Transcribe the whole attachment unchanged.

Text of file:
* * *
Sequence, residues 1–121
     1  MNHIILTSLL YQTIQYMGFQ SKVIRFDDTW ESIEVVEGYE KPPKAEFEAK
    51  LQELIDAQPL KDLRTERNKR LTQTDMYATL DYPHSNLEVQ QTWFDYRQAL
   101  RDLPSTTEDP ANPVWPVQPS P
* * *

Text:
Sequence, residues 1–121
     1  MNHIILTSLL YQTIQYMGFQ SKVIRFDDTW ESIEVVEGYE KPPKAEFEAK
    51  LQELIDAQPL KDLRTERNKR LTQTDMYATL DYPHSNLEVQ QTWFDYRQAL
   101  RDLPSTTEDP ANPVWPVQPS P